The chief information security officer (CISO) has a tough job. Because the CISO is responsible for overseeing the organization’s cybersecurity program, he or she takes the heat when the organization falls victim to a successful attack. Unfortunately, too many organizations have a culture that de-emphasizes cybersecurity, giving the CISO less of a voice in the board room and in budget considerations. It’s not surprising that the averge CISO tenure is just two to four years.
That said, well-meaning CISOs are sometimes their own worst enemy. Here are five common mistakes that can undermine a CISO’s ability to be effective:
- Trying to boil the ocean. The volume and severity of security threats increase every day. A data breach or ransomware attack could cost tens of millions of dollars. In light of that, it’s easy to view every risk as an existential threat to the organization. However, when everything is critical, nothing is. The real threats get lost in the noise, and the CISO loses credibility. The CISO’s role is to prioritize threats according to their risk to the organization, so the IT team knows what to tackle first.
- Locking down the environment. In most organizations, users have too many privileges, security patches aren’t applied quickly enough, and administrators take shortcuts that put the environment at risk. But CISOs need to be careful not to go to the opposite extreme and completely lock down the environment, making it hard to get business done. Cybersecurity should be a partner to the business, not an impediment.
- Not communicating effectively. Other executives know that cybersecurity threats exist but often have difficulty relating those threats to business strategy. The CISO is in the best position to help them understand the likelihood of a given risk and the potential impact on the business. Building strong relationships with other business leaders will also help to move the needle toward a culture of cybersecurity.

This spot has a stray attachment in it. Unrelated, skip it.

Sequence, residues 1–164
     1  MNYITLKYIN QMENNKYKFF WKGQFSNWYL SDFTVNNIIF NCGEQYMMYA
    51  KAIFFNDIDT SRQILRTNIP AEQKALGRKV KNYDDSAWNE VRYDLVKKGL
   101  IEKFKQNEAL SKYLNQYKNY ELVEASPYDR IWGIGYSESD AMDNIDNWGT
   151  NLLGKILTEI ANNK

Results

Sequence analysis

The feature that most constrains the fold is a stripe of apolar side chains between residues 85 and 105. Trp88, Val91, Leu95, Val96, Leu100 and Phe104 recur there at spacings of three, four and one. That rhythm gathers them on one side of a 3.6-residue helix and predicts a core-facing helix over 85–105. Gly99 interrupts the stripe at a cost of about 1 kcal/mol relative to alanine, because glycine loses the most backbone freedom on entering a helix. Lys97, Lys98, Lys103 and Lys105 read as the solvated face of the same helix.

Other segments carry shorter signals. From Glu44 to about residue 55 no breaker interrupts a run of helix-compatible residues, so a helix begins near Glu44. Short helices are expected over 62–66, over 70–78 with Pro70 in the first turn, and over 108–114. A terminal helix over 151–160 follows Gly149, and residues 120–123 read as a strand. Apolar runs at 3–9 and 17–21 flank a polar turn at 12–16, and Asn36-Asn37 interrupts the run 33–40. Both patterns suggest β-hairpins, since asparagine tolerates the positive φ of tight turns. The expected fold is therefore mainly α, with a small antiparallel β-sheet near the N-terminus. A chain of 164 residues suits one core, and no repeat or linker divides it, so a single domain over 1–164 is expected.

- Relying on gut instinct. Gut instinct can sometimes lead to success in business, but not for the CISO. The same rule applies to industry studies and surveys — knowing the potential threat to a hypothetical organization in the same industry is a useful starting point but little more. The CISO needs to make empiricaly based, data-driven decisions that align with quantifiable risks to the organization.
- Not asking for help. The cybersecurity skills shortage is very real and increasing. But even if a CISO has an adequately staffed team, internal decision-making can be influenced by biases, blind spots and politics. It can be immensely valuable to get the perspective of a third-party consultant with expertise in cybersecurity. The consultant’s analysis can also provide the backup the CISO needs at budget time.
SageNet offers a suite of cybersecurity solutions and services that can help maximize the CISO’s success. Our team includes certified cybersecurity analysts, architects and engineers who can help you build your cybersecurity strategy, solve complex problems, or simply serve as a sounding board. Our fully managed SIEM platform can help you make sense of all of the security alerts and notifications coming from your systems, so you can better understand risk and prioritize your team’s efforts. Our cost-efficient Managed Security Operations provide around-the-clock monitoring and investigation of security events.
Don’t let common mistakes and pitfalls undermine your effectiveness. Contact SageNet to discuss your top cybersecurity challenges.